Zytiga (abiraterone acetate), an oral agent given once daily in conjunction with prednisone, was initially approved in 2011 for patients with metastatic CRPC after cytotoxic chemotherapy, and in December 2012, received US Food and Drug Administration approval for patients with metastatic CRPC prior to cytotoxic chemotherapy. In a clinical trial, patients achieved a 35.3-month median overall survival with Zytiga and a near doubling of radiographic progression-free survival. In addition, for patients taking Zytiga, median time to initiation of cytotoxic chemotherapy was 25.2 months. The side effects of Zytiga may include fluid retention, which can cause an increase in blood pressure, and occasionally, lowering of potassium levels and elevation of liver functions. Liver function tests are recommended for patients receiving Zytiga. In the postchemotherapy setting, the phase 3 Zytiga trial improved survival by a median time of 3.9 months in the primary survival analysis and 4.6 months in an updated survival analysis.17


Another oral agent, Xtandi (enzalutamide), was approved as monotherapy in September of 2012 for patients with metastatic CRPC who have previously received docetaxel. Xtandi is given once daily, and was shown to extend overall survival by 4.8 months. Side effects that require monitoring include fatigue, diarrhea, hot flushes, and headache. In a pivotal phase 3 clinical trial, 7 patients receiving Xtandi reported seizures versus no patients in the placebo group. Overall, however, Xtandi is regarded as a well-tolerated drug.18

Although some physicians prescribe secondary therapies after progression on ADT, such as ketoconazole, steroids, and estrogens, these drugs all have significant side effects and none have been shown in a phase 3 trial to improve overall survival. With new therapeutic agents available, some urologists are beginning to view secondary hormonal maneuvers as a delaying tactic that may adversely affect patient access to approved therapies with demonstrable survival benefit.

The approval of 3 new (not cytotoxic) agents since 2010 is changing the way that urologists may think about advanced prostate cancer. Although some urologists are beginning to incorporate these therapies into clinical practice, panelists noted 2 primary barriers to entry. First, physicians are often slow to change their practice patterns. After a period of cumulative clinical experience, they can develop a comfort level prescribing newer therapies, even for agents with new side effects, as long as toxicities are manageable and outcomes are relatively predictable. Conversely, urologists may initially have concerns about managing toxicities for unfamiliar drugs. In addition to clinical considerations, it may be necessary to dedicate staff and resources to develop the clinical and business infrastructure to support adoption of new agents. Furthermore, practices may also need to develop expanded data collection and reporting mechanisms to provide payers with information to support quality initiatives or risk management programs.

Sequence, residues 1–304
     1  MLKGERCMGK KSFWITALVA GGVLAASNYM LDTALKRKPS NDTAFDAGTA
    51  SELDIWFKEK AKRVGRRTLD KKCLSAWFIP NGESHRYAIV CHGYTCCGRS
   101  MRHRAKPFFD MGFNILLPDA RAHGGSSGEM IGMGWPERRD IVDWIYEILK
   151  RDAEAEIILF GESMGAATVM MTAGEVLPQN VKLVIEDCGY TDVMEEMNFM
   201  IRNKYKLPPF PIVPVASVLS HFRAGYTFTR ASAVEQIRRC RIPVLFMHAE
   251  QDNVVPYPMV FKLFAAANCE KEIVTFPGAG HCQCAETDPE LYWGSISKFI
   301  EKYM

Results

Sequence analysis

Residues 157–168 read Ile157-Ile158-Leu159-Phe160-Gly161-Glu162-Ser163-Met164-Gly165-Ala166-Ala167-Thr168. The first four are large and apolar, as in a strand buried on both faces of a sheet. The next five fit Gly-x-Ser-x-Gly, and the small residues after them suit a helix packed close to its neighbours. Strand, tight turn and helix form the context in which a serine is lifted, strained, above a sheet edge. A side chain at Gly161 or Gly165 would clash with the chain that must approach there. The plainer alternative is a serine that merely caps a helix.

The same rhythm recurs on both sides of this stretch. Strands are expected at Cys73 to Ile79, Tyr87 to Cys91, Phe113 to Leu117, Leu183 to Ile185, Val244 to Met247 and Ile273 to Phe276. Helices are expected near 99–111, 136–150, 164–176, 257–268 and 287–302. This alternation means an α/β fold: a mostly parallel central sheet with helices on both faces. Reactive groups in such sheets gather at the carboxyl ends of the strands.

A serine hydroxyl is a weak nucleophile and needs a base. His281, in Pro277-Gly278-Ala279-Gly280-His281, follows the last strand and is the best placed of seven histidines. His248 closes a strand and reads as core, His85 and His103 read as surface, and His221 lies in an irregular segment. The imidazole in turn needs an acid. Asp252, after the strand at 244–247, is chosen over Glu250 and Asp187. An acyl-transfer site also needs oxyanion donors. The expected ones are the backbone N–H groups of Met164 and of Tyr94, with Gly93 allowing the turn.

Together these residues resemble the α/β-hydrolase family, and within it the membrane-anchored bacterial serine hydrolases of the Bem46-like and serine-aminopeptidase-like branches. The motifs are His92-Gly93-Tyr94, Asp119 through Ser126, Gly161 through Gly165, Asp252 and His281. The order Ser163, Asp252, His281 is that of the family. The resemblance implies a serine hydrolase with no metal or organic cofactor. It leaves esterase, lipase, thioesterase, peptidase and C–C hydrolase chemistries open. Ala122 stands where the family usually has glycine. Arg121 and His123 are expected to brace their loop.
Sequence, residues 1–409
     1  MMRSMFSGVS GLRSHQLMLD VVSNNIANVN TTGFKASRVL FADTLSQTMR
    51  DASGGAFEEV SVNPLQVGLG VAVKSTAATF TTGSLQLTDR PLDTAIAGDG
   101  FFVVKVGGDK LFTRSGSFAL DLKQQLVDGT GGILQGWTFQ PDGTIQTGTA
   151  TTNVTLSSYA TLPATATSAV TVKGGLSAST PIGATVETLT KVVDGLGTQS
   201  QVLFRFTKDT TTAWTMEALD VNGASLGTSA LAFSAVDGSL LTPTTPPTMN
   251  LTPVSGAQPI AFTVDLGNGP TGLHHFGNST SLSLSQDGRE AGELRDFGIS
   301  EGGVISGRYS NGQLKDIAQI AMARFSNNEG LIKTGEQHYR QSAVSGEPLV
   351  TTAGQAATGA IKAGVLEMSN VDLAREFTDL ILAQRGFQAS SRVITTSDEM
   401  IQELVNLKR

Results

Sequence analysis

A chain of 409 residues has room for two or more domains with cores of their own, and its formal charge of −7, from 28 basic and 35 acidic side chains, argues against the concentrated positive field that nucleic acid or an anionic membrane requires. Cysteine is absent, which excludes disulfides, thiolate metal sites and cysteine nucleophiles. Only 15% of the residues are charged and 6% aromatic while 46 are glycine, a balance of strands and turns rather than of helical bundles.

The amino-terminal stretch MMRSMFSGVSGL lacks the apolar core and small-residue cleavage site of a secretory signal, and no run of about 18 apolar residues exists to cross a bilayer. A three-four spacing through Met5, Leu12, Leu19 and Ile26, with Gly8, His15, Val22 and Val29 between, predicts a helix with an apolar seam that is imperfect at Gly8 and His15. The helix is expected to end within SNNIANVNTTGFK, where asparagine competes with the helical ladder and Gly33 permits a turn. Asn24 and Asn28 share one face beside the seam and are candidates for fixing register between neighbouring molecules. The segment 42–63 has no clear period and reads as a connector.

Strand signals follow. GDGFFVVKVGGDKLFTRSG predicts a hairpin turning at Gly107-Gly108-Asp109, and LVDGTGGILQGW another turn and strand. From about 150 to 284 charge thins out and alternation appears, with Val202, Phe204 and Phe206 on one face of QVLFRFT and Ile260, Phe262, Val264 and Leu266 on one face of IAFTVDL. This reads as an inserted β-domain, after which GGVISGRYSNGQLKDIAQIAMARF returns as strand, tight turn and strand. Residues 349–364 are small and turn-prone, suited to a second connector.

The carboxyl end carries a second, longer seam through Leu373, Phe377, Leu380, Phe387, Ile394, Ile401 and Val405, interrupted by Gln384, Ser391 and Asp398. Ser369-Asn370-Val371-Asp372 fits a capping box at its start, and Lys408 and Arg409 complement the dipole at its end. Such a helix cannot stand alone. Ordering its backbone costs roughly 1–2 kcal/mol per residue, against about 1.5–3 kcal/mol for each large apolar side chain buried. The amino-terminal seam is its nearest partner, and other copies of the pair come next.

Although it may require an initial investment, many practices find that adoption of newer agents, including oral therapies, allows them to better serve their patients with CRPC. The urologists represented on the panel agreed that these agents are efficacious and have manageable toxicities and improved outcomes. Furthermore, there was general agreement from the panel that new oral therapies allow the clinical practice to retain patients and provide continuity of care.

Author Disclosure Statement
Mr Welz has nothing to disclose. Dr Shore is a consultant to Amgen, Astellas, Bayer, Dendreon, Ferring, Janssen, Millennium, and Medivation.

1. US Cancer Statistics Working Group. United States Cancer Statistics: 1999–2009 Incidence and Mortality Web-based Report. Atlanta, GA: Centers for Disease Control and Prevention, and National Cancer Institute, US Department of Health and Human Services; 2012.
2. Urology Care Foundation: Official Foundation of the American Urological Association. Prostate Cancer. http:// Updated March 2013. Accessed April 22, 2013.
3. Siegel R, Naishadham D, Jemal A. Cancer statistics, 2013. CA Cancer J Clin. 2013;63:11-30.
4. American Urological Association. Information Sheet: Prostate-Specific Antigen (PSA) Testing for the Early Detection of Prostate Cancer. 2012.
5. Etzioni R, Gulati R, Tsodikov A, et al. The prostate cancer conundrum revisited: treatment changes and prostate cancer mortality declines. Cancer. 2012;118: 5955-5963.
6. American Cancer Society. Prostate Cancer Overview. guide/prostate-cancer-survival-rates. Updated January 17, 2013. Accessed April 22, 2013.
7. National Comprehensive Cancer Network. NCCN Clinical Practice Guidelines in Oncology: Prostate Cancer. Version 2.2013. Accessed April 11, 2013.
8. Lupron Depot [package insert]. North Chicago, IL: AbbVie Inc; 2013.
9. Eligard [package insert]. Bridgewater, NJ: sanofi-­aventis US LLC; 2013.
10. Zoladex [package insert]. Wilmington, DE: Astra Zeneca Pharmaceuticals LP; 2012.